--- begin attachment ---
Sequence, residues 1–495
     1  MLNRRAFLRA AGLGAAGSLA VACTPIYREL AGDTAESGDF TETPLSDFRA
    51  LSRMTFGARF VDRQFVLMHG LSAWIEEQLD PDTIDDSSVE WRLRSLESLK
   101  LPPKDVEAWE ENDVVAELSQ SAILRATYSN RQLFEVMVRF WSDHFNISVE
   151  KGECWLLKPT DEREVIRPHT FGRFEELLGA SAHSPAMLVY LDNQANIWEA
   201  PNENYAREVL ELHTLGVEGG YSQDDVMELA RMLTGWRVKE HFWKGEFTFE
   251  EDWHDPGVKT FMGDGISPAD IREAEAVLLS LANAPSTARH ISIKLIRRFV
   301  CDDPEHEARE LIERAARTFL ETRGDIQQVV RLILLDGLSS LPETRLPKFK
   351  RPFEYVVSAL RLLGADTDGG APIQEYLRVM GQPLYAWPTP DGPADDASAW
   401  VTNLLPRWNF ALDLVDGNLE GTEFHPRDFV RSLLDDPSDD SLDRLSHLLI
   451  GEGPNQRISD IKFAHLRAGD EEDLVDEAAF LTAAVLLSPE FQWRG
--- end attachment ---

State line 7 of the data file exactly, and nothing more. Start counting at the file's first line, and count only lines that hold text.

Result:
   251  EDWHDPGVKT FMGDGISPAD IREAEAVLLS LANAPSTARH ISIKLIRRFV